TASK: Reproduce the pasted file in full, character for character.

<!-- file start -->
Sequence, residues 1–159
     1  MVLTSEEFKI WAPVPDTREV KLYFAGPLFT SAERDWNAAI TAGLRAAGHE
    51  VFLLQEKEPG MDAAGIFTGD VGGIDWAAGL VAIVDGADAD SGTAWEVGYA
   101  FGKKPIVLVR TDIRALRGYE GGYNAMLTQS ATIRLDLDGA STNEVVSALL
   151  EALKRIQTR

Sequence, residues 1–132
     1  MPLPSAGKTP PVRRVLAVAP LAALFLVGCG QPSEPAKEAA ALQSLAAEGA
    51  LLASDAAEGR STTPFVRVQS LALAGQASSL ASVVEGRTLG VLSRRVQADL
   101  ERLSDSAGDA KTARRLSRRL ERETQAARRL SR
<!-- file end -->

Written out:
Sequence, residues 1–159
     1  MVLTSEEFKI WAPVPDTREV KLYFAGPLFT SAERDWNAAI TAGLRAAGHE
    51  VFLLQEKEPG MDAAGIFTGD VGGIDWAAGL VAIVDGADAD SGTAWEVGYA
   101  FGKKPIVLVR TDIRALRGYE GGYNAMLTQS ATIRLDLDGA STNEVVSALL
   151  EALKRIQTR

Sequence, residues 1–132
     1  MPLPSAGKTP PVRRVLAVAP LAALFLVGCG QPSEPAKEAA ALQSLAAEGA
    51  LLASDAAEGR STTPFVRVQS LALAGQASSL ASVVEGRTLG VLSRRVQADL
   101  ERLSDSAGDA KTARRLSRRL ERETQAARRL SR